Palin continues to talk about her singularly instrumental part in destroying the “Bridge to Nowhere,” despite the fact that she pulled her support only after the project became a political embarrassment. Though the press has exposed her lies, has it made any impact? No.

McCain is coming under serious criticism by both the media and independent fact-check organizations because of his increasingly dishonest campaign tactics. While all political campaigns are known for stretching the truth, McCain’s actions are being described as “dishonorable,” “disingenuous” and “downright cynical.”

The non partisan, which does not judge whether one candidate is more misleading than another, has implicated McCain more than twice as often since the start of the political conventions as it has Barack Obama. Even the Army Times came out against McCain recently, claiming he is twisting his rival’s words and making fraudulent claims about Obama’s stance toward the military.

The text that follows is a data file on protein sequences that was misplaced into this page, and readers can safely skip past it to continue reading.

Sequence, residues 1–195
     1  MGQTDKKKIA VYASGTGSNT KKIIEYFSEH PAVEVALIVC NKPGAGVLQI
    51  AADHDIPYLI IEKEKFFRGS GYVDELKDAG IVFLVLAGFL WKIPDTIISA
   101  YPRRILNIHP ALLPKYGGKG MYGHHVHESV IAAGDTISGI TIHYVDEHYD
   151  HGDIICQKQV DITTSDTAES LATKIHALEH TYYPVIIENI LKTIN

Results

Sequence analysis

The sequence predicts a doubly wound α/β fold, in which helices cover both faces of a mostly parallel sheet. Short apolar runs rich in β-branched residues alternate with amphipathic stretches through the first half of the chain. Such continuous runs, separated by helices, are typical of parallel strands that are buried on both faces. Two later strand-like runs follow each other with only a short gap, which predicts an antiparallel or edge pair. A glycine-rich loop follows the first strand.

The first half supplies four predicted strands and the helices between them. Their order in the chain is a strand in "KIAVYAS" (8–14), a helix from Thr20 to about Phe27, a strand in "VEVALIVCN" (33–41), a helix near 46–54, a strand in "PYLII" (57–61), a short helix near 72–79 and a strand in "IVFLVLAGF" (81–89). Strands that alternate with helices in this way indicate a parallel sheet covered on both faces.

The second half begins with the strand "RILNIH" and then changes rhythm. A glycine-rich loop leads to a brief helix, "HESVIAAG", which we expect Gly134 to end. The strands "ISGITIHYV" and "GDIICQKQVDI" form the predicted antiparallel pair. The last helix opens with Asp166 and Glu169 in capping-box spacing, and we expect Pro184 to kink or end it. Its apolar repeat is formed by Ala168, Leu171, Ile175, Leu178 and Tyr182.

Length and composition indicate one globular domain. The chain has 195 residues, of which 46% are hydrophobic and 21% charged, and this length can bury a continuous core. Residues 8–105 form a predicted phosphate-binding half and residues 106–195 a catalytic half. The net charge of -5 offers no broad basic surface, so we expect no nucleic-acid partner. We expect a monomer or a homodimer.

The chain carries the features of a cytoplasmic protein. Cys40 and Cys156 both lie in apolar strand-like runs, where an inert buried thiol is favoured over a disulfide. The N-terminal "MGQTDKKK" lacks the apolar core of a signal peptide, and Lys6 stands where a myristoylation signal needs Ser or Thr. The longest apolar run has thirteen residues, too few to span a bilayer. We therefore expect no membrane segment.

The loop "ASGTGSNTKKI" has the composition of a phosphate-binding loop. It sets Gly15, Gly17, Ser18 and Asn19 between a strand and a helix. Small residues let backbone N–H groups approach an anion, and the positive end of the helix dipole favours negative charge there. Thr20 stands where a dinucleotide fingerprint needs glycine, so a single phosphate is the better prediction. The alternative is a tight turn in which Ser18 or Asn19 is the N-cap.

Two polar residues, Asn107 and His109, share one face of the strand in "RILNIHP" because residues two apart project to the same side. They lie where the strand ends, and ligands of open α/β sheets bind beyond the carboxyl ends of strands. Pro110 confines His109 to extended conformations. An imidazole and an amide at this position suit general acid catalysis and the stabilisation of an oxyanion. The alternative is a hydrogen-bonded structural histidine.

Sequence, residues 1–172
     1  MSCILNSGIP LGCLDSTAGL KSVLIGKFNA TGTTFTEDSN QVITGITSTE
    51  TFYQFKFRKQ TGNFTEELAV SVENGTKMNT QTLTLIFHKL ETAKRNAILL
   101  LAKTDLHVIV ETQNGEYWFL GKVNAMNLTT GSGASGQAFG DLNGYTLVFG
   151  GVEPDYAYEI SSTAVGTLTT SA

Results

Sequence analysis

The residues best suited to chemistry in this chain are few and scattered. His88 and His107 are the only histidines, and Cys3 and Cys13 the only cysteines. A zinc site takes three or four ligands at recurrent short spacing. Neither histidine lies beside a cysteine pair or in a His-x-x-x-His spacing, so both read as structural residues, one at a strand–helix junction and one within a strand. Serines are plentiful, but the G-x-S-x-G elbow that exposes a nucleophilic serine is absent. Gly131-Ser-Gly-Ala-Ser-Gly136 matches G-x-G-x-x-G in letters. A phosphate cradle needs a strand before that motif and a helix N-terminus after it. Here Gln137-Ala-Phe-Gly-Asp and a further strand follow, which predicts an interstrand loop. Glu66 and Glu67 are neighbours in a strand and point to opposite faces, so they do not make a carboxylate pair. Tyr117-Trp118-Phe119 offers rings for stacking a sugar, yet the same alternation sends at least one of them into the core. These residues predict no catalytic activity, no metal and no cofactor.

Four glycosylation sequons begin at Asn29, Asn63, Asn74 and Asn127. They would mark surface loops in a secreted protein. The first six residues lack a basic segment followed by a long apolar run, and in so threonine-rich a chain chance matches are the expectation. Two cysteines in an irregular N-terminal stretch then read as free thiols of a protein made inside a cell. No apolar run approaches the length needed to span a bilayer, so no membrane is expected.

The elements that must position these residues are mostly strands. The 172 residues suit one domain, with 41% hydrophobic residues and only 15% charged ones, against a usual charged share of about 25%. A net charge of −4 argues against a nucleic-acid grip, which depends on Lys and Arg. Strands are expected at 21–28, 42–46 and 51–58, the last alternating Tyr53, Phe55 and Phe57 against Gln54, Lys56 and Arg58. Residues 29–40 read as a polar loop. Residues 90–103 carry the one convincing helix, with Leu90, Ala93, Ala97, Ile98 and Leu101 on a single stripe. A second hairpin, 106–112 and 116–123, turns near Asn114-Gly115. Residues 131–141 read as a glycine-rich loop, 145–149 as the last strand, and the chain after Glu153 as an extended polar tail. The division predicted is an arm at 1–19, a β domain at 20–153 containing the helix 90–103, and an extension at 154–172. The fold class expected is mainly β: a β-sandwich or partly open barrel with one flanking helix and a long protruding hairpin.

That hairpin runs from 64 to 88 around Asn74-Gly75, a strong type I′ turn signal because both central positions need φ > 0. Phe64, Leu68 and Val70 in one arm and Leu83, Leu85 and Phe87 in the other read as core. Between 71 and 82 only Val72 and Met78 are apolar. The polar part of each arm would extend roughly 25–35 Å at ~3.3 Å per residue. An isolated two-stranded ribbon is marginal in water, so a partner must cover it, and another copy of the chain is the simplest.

It’s not as though Obama has completely clean hands in this. However, he has been quicker to react to news accounts challenging his accuracy. While politicians usually modify or drop misleading claims when challenged, McCain and his running mate have defiantly soldiered on. McCain obviously learned long ago that so long as you don’t back down, your claims, however erroneous, will lodge in people’s memories as a sort of quasi-fact.

The irony here is that McCain was once the victim of one of the most underhanded campaigns ever — his 2000 bid for the Republican nomination against then governor, George W. Bush. Embroiled in a tight race in South Carolina, McCain’s hopes were undone by a smear campaign claiming he was mentally unstable and had fathered a legitimate black child.

McCain denounced less-than-truthful campaigning after his crushing experience, vowing to live up to his motto of “straight talk.” His image now is of the anti-politician, a statesman who abhors politics as usual and believes in playing fair. He came into the 2008 campaign with the same ideals, promoting himself as a speaker of truth and evenhandedness at any cost. He refused to do unto others what had been done to him.